HUD tells its HR success story

Officials at the Department of Housing and Urban Development took a close look at their human resources business processes and supporting technology about three years ago. They didn’t like what they saw, which was a costly mishmash of HR systems.They decided to invest in the development of a commercial HR system from PeopleSoft to replace those systems. Early in the systems development phase, they thought it made sense to assess other agencies’ experiences with PeopleSoft.“Our intent was to benchmark their experiences, lessons learned and best practices,” said Charles Butler, director of HUD’s office of field coordination and technical support. One of those agencies was the Treasury Department. At the time, Treasury was preparing to install HR Connect, a shared-services solution based on PeopleSoft’s  HR application. When HUD officials met with Treasury HR managers to get their perspective, it was a revelation. “It was at that meeting that we became aware that Treasury could offer services as an HR provider with an already established, proven and tested system,” Butler said.HUD officials began to build a business case for using HR Connect instead of a HUD-unique system, and they outlined their objectives.The agency wanted to replace 17 HR systems with modern HR management software, Butler said. Officials wanted to ensure it was aligned with federal e-government initiatives. They required a two-way interface with the National Finance Center, the agency’s payroll provider. Officials wanted to use PeopleSoft licenses that HUD already owned.Treasury’s HR Connect met all of those requirements. “HR Connect had many factors in its favor, such as [being] an already federalized software product, which would let HUD benefit from Treasury’s systems investment, and it was an established system that supported more than 100,000 employees,” Butler said.In addition, HUD officials estimated that the agency would save $10 million by using HR Connect instead of building their own HR enterprise system.That’s a big plus for any agency. By outsourcing HR functions to a shared-service center, agencies can move to consolidated, standardized processes and reduce expenditures by eliminating redundant systems, said Lynn Eddy, associate chief information officer of the HR Connect program office, which the Office of Management and Budget established through its Human Resources Line of Business initiative.OMB agreed to let HUD proceed with HR Connect in late 2004. HUD implemented it in six months and within 10 percent of the projected cost.HR Connect is slowly changing the perception of HR administration at HUD, Butler said.  “We’re moving [HR] from a technical role to a strategic one,” he said. “The strategic value aspects of the HR Connect investment forces us to focus on managing human capital by supporting functions such as recruitment, competency management, employee development and employee customer service. HR Connect provides our HR professionals with the time and opportunity to be a strategic partner with their customers.”For its part, Treasury is able to provide HR services with significant economies of scale. “In Treasury’s case, when we brought on HUD, we were able to service their roughly 10,000 employees with only two additional staff” members, Eddy said. An independent study showed that HR Connect can scale to 400,000 employees with no additional hardware or adverse effect on performance. HR Connect currently provides services to 14 agencies and 150,000 employees.Economies of skill are another benefit, Eddy said. “When you have a provider whose business is to deliver HR services, you get people who are experts in the field. This is their business.”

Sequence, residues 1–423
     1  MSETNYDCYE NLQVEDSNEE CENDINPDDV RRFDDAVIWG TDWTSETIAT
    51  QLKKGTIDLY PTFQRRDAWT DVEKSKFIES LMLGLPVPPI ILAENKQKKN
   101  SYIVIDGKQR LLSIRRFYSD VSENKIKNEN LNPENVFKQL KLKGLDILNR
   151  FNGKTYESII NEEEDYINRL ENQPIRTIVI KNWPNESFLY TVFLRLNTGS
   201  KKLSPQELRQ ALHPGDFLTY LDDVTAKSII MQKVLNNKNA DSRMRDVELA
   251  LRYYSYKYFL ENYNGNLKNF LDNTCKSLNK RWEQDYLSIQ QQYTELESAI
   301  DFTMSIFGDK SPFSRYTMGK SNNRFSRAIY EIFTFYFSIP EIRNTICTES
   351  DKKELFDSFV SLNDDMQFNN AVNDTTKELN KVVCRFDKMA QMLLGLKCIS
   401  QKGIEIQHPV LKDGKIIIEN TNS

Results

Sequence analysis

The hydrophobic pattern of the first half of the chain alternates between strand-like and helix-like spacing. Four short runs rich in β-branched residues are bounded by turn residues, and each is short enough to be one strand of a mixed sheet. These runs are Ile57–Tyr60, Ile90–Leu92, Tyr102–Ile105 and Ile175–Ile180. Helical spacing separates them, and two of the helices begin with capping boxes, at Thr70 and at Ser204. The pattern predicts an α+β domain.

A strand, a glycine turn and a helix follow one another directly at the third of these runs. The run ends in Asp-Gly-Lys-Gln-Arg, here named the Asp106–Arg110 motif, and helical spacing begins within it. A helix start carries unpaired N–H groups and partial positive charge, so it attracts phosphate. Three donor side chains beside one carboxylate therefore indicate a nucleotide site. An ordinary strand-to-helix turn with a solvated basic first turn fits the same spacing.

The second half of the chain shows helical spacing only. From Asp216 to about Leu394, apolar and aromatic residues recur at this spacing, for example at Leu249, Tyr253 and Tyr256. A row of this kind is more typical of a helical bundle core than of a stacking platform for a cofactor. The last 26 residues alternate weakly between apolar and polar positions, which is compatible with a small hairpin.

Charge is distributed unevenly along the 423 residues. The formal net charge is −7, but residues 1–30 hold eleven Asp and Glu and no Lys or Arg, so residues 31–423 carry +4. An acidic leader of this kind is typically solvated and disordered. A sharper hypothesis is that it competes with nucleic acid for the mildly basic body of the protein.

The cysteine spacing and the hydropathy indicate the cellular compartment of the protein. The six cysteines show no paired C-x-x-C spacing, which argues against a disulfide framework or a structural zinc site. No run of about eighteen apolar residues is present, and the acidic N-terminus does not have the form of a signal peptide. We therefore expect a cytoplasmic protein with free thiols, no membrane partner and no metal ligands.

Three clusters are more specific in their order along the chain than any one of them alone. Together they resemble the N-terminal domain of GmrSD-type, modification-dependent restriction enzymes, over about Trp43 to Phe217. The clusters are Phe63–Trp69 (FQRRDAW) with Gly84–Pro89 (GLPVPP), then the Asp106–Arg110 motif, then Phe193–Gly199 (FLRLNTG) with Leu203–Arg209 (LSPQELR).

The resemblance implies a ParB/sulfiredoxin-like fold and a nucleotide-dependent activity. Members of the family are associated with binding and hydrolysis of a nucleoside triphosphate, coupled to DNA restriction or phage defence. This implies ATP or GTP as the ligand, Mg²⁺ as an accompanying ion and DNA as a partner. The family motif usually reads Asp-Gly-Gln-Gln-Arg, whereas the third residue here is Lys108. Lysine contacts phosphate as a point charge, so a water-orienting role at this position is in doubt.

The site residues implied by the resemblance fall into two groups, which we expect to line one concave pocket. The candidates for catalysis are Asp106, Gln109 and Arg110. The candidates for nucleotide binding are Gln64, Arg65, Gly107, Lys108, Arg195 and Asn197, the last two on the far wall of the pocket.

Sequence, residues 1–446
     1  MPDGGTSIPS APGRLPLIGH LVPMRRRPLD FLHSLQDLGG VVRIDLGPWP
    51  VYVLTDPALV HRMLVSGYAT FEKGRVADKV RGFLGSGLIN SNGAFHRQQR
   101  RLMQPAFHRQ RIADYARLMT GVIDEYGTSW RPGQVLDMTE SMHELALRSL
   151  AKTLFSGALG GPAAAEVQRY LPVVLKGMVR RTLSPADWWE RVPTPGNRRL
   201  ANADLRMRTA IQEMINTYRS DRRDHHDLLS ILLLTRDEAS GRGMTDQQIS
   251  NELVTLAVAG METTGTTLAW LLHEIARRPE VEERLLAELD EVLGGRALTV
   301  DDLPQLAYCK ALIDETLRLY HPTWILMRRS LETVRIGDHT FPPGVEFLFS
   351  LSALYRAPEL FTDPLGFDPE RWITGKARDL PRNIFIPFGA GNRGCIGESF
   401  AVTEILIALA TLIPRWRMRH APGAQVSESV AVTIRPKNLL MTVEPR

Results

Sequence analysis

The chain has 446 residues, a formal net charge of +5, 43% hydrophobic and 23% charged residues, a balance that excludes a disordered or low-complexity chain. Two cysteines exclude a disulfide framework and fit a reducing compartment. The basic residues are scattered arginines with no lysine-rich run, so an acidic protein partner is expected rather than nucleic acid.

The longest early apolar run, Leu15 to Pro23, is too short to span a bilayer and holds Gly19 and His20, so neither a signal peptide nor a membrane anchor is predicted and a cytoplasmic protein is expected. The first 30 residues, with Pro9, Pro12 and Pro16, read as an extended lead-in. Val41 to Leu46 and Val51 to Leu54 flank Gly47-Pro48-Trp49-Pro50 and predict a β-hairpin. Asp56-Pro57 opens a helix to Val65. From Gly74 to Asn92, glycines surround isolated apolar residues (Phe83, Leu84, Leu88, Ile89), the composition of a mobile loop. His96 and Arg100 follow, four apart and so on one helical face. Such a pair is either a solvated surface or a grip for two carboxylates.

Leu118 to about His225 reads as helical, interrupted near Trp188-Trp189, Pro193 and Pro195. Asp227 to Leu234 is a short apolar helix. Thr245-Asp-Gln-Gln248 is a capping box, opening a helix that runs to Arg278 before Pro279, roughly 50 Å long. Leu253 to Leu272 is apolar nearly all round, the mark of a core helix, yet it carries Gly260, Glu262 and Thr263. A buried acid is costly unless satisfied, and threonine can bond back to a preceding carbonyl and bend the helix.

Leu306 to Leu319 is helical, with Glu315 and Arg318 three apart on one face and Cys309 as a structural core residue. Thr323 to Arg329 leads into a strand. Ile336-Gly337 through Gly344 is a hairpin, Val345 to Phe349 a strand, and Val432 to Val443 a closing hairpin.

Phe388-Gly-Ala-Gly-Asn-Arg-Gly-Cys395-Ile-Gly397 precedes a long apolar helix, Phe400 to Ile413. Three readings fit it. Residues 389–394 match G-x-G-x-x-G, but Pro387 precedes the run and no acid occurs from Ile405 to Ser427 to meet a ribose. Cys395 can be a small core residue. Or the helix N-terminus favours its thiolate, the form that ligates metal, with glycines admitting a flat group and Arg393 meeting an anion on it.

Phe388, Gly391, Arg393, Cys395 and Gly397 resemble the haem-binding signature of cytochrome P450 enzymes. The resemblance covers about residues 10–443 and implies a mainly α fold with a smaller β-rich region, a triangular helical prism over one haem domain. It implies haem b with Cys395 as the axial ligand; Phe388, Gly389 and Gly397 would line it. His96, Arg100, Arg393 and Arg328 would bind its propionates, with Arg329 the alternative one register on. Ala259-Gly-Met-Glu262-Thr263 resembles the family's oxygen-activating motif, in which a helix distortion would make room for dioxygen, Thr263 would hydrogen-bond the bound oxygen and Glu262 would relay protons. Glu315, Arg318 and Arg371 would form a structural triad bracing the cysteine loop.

HR Connect’s homepage

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6 Tips for choosing a shared-services providerSome experts advise agencies seeking a shared-services center to do their homework before selecting a provider. Lynn Eddy, associate chief information officer for HR Connect, the Treasury Department’s Human Resources Line of Business application, recommends that agency officials:
  • Determine whether a service center will meet their future needs.
  • Understand which services they are buying.
  • Examine the provider's track record and plan to measure performance.
  • Ask if full project management services are included.
  • Find out how much training is available.
  • Investigate the center’s strategy for technology upgrades.
— Richard W. Walker
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